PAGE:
Philander Chase was born in Cornish, N.H.,  December 14, 1775;  died at Jubilee College,  Ill.,  September 20, 1852.  Graduated at Dartmouth in 1795.  Ordained Priest in the Episcopal Church,  November 10, 1799.  Was occupied in missionary labor in Western New York and later at New Orleans,  being the first Protestant minister in the State of Louisiana.

In 1811 became rector of Christ Church,  Hartford, Conn., and in 1817 went to Ohio where "he began a work for the church in Ohio,  and in truth of the whole West,  such as no other man then living would have attempted,  or probably would have accomplished."

He took charge of the Academy at Worthington,  organized several parishes,  three of which he assumed the rectorship of Himself.  He was elected Bishop and consecrated at Philadelphia,  February 11, 1819.  It was about this time that Salmon P. Chase,  his nephew,  became a member of his family.

He began his work with rare earnestness.  For several years it was necessary for him to gain his support as a tiller of the soil,  as his ministrations did not yield pecuniary return sufficient to pay his postage.  The need of helpers in his work,  who should be Western men inured to hardships,  turned his mind to the founding of a college for the training of such helpers.  He went to England to raise the funds to endow such an institution.  Great opposition and many obstacles were overcome by him both in America and England.

An anecdote describes his first experience in London;  One day Mr. Dow, of New Orleans, called on Mr. Butterworth,  Wilberforce's particular friend,  when in the course of conversation the latter said: "So you are from America.  Dr. Dow?  Were you acquainted with Bishop Chase?"  "Yes, he was my Pastor in New Orleans,  and I his physician and friend." "Tell me about him;  there must be something singular in him or he would not be neglected as he is in England."  "Singular!  I never knew anything singular in him but his emancipating his yellow slave,  and that,  I should suppose,  would not injure him here in England."

This story made Butterworth Bishop Chase's friend,  and through him he became the hero of the hour;  subscriptions poured in upon him until $30,000 were realized.  Lord Gambier,  Lord Kenyon,  Sir Thomas Ackland,  Lady Rosse and Hannah Moore helped him.

Returning to Ohio,  he purchased 8000 acres in Knox County and founded Kenyon College and Gambier Theological Seminary.  He was determined that the school should be located in the country.  "Put your seminary,"  he said,  "on your own domain;  be owners of the soil on which you dwell, and let the tenure of every lease and deed depend on the express condition that nothing detrimental to the morals and studies of youth be allowed on the premises."

Bishop Chase occupied the office of president of the college, performing a prodigious amount of labor,  making every obstacle give way before his indomitable will and persistent industry.  In all his labors he was ably seconded by his efficient wife and helpmate.  "Mrs. Chase entered with her whole soul into her husbands plans.  She was a lady perfectly at home in all the arts and minute of housewifery;  as happy in darning stockings for the boys as in entertaining visitors in the parlor,  in making a bargain with a farmer in his rough boots and hunting blouse as in completing a purchase from an intelligent and accomplished merchant,  and as perfectly at home doing business with the world about her,  and in keeping the multifarious accounts of her increasing household as in presiding at her dinner table;  or dispensing courtesy in her drawing room."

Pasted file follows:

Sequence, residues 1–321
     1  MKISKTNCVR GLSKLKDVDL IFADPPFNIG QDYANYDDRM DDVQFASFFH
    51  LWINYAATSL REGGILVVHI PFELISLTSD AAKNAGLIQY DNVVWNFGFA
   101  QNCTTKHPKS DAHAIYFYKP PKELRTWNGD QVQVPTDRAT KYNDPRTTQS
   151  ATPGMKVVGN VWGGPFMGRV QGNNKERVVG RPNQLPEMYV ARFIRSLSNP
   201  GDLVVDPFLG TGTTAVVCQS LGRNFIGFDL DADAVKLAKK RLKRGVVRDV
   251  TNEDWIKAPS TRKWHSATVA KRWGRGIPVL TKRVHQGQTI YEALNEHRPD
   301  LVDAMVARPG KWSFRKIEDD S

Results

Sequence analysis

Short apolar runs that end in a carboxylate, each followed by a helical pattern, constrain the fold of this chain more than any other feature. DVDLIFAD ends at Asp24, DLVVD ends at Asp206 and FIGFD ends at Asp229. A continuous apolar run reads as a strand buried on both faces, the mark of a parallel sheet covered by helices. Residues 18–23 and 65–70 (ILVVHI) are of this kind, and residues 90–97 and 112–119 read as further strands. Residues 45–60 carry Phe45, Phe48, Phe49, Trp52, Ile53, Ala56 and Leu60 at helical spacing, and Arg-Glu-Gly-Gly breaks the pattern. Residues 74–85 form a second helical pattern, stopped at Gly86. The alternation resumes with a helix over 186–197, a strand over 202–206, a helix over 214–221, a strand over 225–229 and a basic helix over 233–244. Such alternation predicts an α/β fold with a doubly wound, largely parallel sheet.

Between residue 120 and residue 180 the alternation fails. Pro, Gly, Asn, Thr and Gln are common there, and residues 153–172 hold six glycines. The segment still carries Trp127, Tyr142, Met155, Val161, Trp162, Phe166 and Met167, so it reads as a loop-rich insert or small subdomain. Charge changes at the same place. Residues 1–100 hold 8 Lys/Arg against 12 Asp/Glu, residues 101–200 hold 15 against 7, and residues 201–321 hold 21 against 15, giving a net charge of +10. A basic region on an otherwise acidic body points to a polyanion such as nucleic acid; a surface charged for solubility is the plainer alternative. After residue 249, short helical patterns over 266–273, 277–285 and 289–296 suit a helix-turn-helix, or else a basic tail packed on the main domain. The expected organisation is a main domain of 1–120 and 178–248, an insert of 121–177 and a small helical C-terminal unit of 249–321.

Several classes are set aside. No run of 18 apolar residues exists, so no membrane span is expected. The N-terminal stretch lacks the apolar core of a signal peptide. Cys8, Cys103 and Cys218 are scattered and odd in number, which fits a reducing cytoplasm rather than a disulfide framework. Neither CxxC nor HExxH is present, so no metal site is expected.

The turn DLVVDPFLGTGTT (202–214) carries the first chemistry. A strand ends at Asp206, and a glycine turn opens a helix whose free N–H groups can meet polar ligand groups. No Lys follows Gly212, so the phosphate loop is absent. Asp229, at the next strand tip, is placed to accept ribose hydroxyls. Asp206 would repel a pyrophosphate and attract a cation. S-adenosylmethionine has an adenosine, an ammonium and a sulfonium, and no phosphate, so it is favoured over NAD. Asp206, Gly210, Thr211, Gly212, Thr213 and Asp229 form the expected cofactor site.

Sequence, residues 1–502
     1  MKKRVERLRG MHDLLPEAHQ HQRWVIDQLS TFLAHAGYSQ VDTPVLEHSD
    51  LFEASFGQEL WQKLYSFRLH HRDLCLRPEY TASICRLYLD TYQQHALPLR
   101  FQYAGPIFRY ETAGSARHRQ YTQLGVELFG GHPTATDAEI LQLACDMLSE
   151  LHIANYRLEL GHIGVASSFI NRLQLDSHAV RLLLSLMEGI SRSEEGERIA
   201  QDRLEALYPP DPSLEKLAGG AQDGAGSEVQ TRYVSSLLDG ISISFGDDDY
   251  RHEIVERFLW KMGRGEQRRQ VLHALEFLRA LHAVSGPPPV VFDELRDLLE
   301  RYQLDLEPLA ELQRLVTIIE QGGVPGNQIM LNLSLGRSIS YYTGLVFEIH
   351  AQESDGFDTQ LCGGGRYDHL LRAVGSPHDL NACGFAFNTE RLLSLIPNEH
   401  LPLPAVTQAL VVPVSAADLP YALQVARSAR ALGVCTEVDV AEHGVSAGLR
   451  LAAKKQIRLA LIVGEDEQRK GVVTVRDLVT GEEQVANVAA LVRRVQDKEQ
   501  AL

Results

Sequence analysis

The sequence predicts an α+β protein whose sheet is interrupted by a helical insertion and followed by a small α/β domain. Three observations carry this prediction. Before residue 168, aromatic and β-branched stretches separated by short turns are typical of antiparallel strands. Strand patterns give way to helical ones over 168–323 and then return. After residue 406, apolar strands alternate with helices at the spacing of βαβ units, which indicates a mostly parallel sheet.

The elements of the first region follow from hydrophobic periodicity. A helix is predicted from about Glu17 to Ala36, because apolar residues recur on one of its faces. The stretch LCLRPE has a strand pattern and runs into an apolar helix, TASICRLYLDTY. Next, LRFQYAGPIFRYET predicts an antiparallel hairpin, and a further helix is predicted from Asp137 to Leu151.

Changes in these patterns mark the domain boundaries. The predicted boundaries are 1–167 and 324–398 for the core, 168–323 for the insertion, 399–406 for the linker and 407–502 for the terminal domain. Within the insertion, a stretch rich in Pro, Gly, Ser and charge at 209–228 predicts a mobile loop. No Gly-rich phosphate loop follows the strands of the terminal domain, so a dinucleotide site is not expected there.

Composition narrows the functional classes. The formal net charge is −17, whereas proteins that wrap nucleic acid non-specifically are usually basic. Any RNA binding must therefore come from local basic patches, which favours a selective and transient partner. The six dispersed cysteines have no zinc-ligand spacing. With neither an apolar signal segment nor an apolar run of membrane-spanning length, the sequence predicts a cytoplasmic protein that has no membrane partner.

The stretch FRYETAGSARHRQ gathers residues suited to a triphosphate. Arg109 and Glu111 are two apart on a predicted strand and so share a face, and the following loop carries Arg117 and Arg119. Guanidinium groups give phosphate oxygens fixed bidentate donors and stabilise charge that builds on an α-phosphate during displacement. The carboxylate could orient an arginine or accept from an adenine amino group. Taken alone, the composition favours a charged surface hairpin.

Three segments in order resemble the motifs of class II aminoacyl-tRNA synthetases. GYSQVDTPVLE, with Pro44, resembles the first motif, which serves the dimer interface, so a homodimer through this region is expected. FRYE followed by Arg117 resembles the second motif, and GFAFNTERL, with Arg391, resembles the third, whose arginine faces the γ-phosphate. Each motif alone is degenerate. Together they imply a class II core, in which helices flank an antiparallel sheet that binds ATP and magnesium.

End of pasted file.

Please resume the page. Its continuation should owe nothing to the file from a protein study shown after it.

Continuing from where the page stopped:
September 9, 1831,  Bishop Chase resigned the Presidency of the college and the episcopate of Ohio,  on account of differences that had arisen between himself and his clergy.  He entered upon missionary work in Michigan,  and in 1835 was chosen Bishop of Illinois,  when he again visited England,  raised $10,000,  and in 1838 founded Jubilee college at Robins Nest, Ill.  A friend described him as follows: "In height he was six feet and over;  the span of his chest was nearly,  if not quite,  equal to his height,  and with that noble trunk his limbs were in full and admirable proportion.  In a crowd his giant figure,  in front or back,  excited,  wherever he moved,  universal attention. Large and heavy in stature as he was,  he was remarkably light and graceful in his movements,  and,  when not ruffled with opposition or displeasure,  exceedingly agreeable,  polished and finished in his manner.  Toward those who betrayed hauteur in their deportment with him,  or whom he suspected as actuated by such a spirit,  or who positively differed with him as to his policy,  and especially toward those whom he looked upon as his enemies,  he was generally distant and overbearing,  and sometimes,  when offended,  perhaps morose.  In his bearing toward them his noble countenance was always heavy and lowering,  and his deportment frigid and unmistakably repulsive;  but in his general intercourse,  and always with his particular and intimate friends,  his address and social qualities were polished,  delightful and captivating;  his countenance was sunlight,  his manner warm and genial as balmy May,  and his deportment winning to a degree rare among even remarkably commanding and popular men.

His published works were, "A Plea for the West" (1826) "The Star in the West or Kenyon College," (1828)  "Defence of Kenyon College," (1831) and "Reminiscences: an Autobiography,  comprising a history of the Principal Events in the Author's Life to 1847" (2 vols.,  New York, 1848).


Historical Collections of Ohio, Henry Howe LL.D.